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This Nursing Life

Hospital CEO and student connect through Adopt-a-Scholar Program

By Kerry Ludlam

Story Photo

Marilyn Margolis (left) and Taryn Connelly

If there is a theme to be followed through Taryn Connelly's education and now, her career, it most certainly is a commitment to public health.

In high school, Connelly 17N, who speaks Spanish, served as an interpreter in Moultrie, Georgia, for the Farmworker Family Health Program. Then, as a nursing student at Emory, Connelly returned to Moultrie as a caregiver.

"That sealed it for me," Connelly explains. "I saw how the farmworkers in Moultrie were living, and it just was not acceptable. It led me to look into a more public health-oriented path of nursing. I want to make changes in health care, find out where the problems are and why certain people are overlooked. The easiest way for me to understand it is to be part of it."

Serving in Moultrie, Connelly saw many of the public health issues—hypertension, diabetes, skin problems, and dietary concerns—that she saw as a Veterans Affairs Nursing Academic Program (VANAP) scholar. As part of VANAP, Connelly completed all of her clinical rotations, except for labor and delivery, at the Atlanta VA Medical Center.

"In many ways, the patients are similar," Taryn recalls. "Some are homeless, many are disabled, and their ability to follow up and be compliant can be limited. That's where the VA comes in to provide transportation and telemedicine, as well as other types of support."

Fortunately, as her education progressed, Connelly had some support of her own. As part of Emory's Adopt-a-Scholar Program, Connelly was "adopted" by Marilyn Margolis 89MN RN NEA-BC, the CEO of Emory Johns Creek Hospital. The program, now in its 13th year, provides a way for alumni and friends of the school to support students financially.

"When I first met Taryn, I understood very quickly that she is well spoken, kind, self aware, and really wants to make a difference," Margolis says.

An obvious benefit of the program is the scholarship component, which eases the financial responsibilities of higher education.

"I'd always dreamed of attending the School of Nursing at Emory," Connelly says. "Marilyn's support of me through the Adopt-a-Scholar Program made it so that I didn't have to work full time through school. I felt so lucky to be able to work for the experience rather than working just to afford books and tuition. It took a huge load off my shoulders."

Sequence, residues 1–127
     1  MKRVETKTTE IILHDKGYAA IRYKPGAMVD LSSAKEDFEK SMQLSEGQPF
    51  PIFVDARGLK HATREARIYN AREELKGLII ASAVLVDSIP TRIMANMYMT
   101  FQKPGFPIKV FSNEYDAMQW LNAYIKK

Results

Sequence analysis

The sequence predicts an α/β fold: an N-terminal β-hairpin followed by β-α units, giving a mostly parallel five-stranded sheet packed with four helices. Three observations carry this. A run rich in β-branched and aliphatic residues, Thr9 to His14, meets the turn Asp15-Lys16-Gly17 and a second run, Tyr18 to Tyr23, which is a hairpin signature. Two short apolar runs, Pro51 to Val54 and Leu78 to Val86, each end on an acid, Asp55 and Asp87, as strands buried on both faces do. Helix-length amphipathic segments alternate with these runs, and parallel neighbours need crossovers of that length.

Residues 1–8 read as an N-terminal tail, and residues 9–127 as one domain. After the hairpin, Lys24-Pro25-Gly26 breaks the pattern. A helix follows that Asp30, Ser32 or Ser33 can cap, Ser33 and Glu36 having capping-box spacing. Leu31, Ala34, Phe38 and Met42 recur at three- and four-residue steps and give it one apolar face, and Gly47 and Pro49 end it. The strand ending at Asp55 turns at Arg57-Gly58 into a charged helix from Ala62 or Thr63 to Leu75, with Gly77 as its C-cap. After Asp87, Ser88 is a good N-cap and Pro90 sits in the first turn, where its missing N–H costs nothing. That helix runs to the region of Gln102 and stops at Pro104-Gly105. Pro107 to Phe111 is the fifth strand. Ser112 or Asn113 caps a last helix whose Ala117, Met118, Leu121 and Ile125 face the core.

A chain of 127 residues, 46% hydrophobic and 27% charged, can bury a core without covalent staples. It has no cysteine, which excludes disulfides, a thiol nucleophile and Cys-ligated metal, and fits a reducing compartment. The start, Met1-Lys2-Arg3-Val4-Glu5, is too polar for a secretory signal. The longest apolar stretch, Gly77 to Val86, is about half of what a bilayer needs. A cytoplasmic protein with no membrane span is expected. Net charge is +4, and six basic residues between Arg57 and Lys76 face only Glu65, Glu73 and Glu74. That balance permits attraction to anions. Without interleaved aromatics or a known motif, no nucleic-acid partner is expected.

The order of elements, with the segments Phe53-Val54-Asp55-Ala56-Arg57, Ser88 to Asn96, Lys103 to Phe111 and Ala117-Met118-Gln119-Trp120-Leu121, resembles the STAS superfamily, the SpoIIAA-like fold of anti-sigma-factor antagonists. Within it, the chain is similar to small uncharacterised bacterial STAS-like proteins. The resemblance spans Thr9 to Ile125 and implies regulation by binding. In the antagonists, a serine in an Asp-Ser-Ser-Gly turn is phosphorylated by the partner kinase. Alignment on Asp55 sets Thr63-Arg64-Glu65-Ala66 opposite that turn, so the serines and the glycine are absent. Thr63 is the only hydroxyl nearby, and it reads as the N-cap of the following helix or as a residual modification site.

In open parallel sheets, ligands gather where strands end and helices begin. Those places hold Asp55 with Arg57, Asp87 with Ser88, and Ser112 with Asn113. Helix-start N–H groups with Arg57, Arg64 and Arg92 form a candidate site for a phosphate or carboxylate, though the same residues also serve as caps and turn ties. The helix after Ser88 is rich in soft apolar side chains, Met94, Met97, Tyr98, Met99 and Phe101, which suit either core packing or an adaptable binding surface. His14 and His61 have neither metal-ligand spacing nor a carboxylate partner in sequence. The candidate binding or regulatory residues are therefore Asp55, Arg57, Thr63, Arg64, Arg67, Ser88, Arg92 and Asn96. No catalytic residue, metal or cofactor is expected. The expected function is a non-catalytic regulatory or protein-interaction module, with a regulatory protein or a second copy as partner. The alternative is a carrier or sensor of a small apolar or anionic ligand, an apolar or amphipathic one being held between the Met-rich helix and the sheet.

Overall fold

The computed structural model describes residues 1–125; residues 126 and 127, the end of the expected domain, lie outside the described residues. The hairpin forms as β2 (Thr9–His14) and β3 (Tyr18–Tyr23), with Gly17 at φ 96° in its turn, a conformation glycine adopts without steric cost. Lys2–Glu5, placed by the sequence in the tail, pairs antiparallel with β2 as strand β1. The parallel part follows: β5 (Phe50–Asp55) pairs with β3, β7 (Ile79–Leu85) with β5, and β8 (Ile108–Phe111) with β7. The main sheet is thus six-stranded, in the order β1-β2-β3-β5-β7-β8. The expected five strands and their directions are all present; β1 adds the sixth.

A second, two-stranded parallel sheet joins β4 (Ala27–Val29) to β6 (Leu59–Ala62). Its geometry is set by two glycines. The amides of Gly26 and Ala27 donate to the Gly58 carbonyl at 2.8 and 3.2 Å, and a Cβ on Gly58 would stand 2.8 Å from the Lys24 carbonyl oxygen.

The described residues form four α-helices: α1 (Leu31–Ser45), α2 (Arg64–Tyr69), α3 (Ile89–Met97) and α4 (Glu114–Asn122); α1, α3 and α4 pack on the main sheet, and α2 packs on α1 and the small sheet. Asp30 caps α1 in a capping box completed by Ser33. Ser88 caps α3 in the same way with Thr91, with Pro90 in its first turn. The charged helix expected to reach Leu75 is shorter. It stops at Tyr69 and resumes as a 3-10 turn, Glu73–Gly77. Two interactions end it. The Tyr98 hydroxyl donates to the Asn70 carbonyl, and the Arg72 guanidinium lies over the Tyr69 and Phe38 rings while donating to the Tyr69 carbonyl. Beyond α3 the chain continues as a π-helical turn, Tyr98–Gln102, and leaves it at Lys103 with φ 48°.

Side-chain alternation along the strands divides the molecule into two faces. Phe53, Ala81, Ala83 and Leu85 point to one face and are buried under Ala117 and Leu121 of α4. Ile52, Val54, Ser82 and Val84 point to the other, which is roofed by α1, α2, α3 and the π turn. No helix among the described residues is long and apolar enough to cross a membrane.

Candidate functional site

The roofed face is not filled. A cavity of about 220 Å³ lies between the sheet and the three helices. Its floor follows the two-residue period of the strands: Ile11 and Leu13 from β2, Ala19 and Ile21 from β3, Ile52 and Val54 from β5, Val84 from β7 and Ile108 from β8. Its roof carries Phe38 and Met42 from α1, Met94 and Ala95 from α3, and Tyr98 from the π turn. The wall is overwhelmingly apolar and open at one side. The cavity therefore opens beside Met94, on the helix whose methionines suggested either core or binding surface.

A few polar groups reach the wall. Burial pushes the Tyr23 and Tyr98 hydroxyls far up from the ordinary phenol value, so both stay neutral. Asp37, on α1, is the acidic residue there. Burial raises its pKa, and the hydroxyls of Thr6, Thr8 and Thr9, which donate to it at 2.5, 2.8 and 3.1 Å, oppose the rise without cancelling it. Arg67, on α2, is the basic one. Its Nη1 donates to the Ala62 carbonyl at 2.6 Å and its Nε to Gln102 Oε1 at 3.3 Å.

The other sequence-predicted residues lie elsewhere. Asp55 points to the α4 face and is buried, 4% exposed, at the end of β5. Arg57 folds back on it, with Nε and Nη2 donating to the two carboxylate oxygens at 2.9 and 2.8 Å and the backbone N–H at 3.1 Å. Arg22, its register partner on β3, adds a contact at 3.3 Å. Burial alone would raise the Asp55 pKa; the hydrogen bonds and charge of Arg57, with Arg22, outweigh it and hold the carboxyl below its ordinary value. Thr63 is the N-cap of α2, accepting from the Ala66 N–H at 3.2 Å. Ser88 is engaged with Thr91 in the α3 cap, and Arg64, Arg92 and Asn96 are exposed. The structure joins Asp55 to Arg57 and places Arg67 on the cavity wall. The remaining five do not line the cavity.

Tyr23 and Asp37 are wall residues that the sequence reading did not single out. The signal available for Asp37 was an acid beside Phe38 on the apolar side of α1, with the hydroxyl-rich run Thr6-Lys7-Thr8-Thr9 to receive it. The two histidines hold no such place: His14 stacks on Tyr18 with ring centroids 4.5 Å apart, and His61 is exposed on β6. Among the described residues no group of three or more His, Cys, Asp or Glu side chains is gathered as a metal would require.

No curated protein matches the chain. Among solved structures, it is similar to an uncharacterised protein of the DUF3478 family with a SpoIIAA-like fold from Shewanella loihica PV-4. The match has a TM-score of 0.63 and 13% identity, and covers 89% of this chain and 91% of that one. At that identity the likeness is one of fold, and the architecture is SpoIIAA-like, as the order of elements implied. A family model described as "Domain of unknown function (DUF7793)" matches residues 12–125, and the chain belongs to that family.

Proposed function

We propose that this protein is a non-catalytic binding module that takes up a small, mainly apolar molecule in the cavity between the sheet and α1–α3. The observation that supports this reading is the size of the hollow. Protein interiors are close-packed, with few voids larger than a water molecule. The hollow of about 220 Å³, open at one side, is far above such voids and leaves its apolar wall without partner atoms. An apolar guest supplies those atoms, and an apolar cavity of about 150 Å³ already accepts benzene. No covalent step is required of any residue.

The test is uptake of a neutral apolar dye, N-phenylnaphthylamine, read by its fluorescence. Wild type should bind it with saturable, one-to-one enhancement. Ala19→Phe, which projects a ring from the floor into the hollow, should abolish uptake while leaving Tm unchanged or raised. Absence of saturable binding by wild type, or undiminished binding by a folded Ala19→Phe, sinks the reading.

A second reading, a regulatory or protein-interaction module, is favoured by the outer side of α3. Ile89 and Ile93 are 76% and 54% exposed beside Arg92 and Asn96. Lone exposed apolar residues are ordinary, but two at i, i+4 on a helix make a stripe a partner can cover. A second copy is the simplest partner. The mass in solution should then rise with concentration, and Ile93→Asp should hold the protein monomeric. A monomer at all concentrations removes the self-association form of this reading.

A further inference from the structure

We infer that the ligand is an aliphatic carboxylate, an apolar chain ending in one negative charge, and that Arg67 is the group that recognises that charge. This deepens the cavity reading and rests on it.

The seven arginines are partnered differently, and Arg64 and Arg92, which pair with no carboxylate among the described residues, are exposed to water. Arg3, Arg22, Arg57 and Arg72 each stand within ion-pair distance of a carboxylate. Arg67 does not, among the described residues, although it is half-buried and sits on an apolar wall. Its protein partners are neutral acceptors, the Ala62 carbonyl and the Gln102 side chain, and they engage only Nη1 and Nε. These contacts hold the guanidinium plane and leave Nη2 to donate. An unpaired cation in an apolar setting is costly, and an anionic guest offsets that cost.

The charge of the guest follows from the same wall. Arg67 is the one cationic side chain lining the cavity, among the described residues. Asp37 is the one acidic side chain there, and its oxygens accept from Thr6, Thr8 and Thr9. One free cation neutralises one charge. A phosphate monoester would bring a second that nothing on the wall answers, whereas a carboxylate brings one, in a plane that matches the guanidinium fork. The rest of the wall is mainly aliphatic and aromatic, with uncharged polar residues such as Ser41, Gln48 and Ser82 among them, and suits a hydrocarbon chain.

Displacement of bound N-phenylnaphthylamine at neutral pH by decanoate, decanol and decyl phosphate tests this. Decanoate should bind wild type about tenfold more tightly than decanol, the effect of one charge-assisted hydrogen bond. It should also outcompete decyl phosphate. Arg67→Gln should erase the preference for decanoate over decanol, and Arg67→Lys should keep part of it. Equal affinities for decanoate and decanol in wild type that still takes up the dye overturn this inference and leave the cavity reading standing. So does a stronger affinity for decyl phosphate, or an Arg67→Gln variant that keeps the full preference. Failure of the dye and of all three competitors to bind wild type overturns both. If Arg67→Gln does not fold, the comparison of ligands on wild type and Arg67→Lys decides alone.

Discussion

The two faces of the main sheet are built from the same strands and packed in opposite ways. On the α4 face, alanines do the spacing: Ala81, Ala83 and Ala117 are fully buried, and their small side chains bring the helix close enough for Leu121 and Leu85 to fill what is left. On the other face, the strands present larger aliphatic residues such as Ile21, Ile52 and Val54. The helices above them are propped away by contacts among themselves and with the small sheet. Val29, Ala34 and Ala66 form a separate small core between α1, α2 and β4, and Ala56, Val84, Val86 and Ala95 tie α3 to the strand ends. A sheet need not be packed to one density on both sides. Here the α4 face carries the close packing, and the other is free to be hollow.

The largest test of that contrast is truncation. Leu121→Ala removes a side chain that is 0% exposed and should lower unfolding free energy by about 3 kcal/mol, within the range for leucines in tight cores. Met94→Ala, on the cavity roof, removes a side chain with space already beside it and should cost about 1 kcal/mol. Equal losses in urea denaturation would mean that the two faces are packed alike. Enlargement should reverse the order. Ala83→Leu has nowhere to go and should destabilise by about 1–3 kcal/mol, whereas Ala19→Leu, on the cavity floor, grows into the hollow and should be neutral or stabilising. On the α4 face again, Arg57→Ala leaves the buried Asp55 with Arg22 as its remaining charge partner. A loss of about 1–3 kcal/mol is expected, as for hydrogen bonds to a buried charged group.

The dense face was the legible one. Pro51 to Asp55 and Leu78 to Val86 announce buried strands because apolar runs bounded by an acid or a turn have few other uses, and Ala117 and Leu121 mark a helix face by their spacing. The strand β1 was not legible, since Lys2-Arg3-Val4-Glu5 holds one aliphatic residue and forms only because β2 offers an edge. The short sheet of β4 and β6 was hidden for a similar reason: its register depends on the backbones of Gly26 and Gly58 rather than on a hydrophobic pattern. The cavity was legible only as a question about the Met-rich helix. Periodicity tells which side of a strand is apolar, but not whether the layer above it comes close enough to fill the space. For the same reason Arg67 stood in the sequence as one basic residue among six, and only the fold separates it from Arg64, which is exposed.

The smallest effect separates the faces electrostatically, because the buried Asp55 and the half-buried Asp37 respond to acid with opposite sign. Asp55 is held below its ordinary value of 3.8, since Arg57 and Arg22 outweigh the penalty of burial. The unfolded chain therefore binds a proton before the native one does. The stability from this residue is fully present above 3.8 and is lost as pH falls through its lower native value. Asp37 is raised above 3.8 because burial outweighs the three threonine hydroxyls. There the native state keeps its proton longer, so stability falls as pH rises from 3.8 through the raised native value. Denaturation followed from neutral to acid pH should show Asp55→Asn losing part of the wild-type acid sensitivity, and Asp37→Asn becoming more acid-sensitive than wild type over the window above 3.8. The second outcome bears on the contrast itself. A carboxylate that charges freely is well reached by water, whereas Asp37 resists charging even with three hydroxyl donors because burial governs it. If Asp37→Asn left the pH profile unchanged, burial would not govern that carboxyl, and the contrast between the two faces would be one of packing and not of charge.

Even more lasting is the relationship the two women have formed.

"We were paired really well," says Connelly. "From the start, Marilyn took an interest in me, honing in on my interests. For someone in her role to give me hours of her time, help me map out my career trajectory, and tour me around the hospital meant a lot. She's very engaged, and her style of leadership transcends her role as CEO and trickles down to other leaders."

Adopting a scholar has its benefits for Margolis too. "I have been a nurse for 36 years and am now a hospital CEO," Margolis says. "All along the way, I have received coaching and mentoring to be who I am now. It's my turn to give back. Mentoring is an important part of who we are as leaders and how we can give back to others."

When deciding where her first position would be, Connelly reflected on her experiences in Moultrie and the Atlanta VA Medical Center. Wanting to continue down a path in public health, Connelly began her role as a nursing resident in the emergency department—at Emory Johns Creek Hospital.

"The closest access point to patients and dealing with public health issues is through the ED," Connelly explains. "And getting to work with Marilyn is awesome. It's like everything has come full circle."

Their relationship highlights the benefits of the growing clinical partnership between the School of Nursing and Emory Healthcare.

"We know when we hire nurses who have been educated at Emory that they will be well educated and trained in evidence-based outcomes," Margolis says. "These are nurses who can be leaders and remain at the bedside. In turn, we hope we provide students with relevant opportunities that allow them to learn from us and us to learn from them."

Margolis is confident with Connelly on the frontlines. "Taryn knows the direction she wants to go, and she's working toward those goals," Margolis says. "We're continuing to work together to map out her future path."

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